Food of the Seventies, Windmill Cookies

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Description
My mother used to love these. They were cookies shaped like a windmill, they were yellow and had some kind of sliced nuts in them. I thought they were okay. I have not seen them around in quite a while.
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User Stories and Comments

The following are comments left about Windmill Cookies from site visitors such as yourself. They are not spell checked or reviewed for accuracy.

AJ - July 19, 2007 - Report this comment
From time to time we would get a couple of these in our lunches. I never liked them when I was little, but now I love them. You can find them in the grocery store made by Voortman's or Archway.
Nicholas Davis - September 07, 2008 - Report this comment
In my opinion, it is hard to beat a windmill cookie. Peanut butter cookies come close, but my favorite will always be the windmill cookie. In Wisconsin, Rippin Good Cookies still manufactures them. I like the kind of spiced flavor. Windmill cookies go REALLY well with a mug of hot tea on a cold Wisconsin winter evening. I don't think that windmill cookies get the respect they deserve.
jolynn - June 16, 2009 - Report this comment
Windmill cookies are great! I haven't had them in ages. It's good to know that they still make them.
arc2417 - July 05, 2009 - Report this comment
wow do they still make these? where I'm glad others remember them as well
Susan - July 14, 2009 - Report this comment
I saw some Windmill cookies at Trader Joe's and got excited. However, they are almond flavored. The original cookies I remember (from the '60s and '70s) were hazelnut (I think - definitely not almond) and had sliced/slivered hazelnuts on top. Very disappointed!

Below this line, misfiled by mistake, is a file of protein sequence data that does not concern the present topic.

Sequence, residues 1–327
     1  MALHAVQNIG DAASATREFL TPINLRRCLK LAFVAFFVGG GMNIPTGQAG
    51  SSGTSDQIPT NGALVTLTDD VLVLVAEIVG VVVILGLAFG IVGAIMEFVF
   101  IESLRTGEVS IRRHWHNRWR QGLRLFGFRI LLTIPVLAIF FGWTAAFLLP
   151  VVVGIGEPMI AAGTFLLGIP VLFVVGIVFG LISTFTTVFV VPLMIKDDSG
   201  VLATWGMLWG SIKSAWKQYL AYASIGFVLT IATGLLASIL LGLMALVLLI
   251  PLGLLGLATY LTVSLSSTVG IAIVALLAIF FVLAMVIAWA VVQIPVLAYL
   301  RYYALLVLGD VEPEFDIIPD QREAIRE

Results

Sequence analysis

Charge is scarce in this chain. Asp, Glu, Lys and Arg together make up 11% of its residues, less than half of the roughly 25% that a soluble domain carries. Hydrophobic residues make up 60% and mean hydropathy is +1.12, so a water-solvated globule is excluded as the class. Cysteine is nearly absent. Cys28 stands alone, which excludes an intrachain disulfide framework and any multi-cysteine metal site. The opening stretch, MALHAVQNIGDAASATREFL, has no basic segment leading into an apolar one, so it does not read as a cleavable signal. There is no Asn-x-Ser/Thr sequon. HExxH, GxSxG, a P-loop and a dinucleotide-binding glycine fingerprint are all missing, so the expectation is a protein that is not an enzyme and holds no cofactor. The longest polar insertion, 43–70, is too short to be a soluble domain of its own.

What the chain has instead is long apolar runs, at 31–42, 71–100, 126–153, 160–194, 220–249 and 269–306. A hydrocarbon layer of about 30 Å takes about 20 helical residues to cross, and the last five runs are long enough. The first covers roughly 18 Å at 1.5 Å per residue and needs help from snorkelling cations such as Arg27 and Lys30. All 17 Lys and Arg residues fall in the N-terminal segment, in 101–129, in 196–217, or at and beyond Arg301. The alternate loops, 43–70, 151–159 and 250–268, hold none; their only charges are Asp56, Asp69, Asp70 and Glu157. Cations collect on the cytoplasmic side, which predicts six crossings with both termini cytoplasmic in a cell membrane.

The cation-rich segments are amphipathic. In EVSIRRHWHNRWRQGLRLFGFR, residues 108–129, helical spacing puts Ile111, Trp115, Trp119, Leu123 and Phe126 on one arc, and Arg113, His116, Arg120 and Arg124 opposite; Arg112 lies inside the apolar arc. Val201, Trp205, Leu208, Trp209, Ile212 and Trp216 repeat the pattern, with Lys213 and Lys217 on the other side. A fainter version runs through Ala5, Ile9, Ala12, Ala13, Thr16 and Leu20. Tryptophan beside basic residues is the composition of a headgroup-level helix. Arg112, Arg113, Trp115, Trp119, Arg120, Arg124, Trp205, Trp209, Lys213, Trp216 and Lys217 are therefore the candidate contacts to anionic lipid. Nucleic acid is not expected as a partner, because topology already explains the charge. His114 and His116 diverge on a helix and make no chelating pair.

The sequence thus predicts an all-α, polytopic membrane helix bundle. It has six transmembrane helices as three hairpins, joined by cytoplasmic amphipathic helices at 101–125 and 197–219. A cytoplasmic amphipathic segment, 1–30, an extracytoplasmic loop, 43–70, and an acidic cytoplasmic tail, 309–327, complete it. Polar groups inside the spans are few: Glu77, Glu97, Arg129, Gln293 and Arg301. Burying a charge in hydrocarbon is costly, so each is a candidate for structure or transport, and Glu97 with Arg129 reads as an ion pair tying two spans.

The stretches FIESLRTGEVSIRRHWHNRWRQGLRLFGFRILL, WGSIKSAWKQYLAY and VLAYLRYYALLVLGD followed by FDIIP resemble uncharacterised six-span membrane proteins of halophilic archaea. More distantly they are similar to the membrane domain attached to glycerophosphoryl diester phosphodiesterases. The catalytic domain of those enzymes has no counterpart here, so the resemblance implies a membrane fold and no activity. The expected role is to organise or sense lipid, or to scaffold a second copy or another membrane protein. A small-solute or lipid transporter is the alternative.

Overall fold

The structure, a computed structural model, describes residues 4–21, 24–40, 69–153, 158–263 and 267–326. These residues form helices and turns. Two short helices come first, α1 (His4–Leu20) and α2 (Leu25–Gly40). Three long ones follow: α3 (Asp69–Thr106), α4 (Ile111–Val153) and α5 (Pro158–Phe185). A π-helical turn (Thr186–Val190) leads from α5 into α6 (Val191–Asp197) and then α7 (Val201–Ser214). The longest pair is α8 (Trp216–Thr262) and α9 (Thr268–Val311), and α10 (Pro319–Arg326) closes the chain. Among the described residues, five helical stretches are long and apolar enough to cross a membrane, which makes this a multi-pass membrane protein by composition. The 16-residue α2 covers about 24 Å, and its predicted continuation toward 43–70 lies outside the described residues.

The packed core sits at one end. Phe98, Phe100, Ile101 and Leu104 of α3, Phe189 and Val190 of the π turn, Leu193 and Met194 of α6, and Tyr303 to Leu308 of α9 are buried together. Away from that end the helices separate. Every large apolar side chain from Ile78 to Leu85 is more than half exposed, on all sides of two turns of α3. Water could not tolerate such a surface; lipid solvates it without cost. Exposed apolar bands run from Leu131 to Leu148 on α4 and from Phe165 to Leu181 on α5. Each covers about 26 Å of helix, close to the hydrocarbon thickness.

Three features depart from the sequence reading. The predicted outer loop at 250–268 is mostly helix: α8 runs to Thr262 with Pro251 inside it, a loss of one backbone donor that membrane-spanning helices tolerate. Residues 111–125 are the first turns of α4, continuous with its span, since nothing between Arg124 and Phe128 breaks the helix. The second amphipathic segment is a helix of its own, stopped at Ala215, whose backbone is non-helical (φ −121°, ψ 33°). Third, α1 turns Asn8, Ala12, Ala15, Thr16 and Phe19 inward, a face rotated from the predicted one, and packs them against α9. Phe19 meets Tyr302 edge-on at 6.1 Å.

RJ - July 19, 2009 - Report this comment
Windmill cookies with almond slivers were so good. I think Archway still makes them but not sure. Hmm I'll have to look for those!
john - August 12, 2009 - Report this comment
I'm now eating some Archway Windmill cookies, but I'm afraid they are not the ones of my childhood. these look correct, but they are too thick and not as delicate as I was expecting. They have almond bits in the cookie and not slivers on top. They taste ok, but I don't think these are the mreal McCoy.
brenda - September 09, 2009 - Report this comment
ick!! these were the only cookies my grandmother would have. i guess you could consider it a relished memory of her house, even though they were awful!! LOL!!
Irene - November 05, 2009 - Report this comment
Trader Joe's just came out with a pretty good copy.
Joyce - September 01, 2010 - Report this comment
Archway went bankrupt last year and was bought by Lance. The cookies are now coming back to the store shelves.
Connie - April 14, 2012 - Report this comment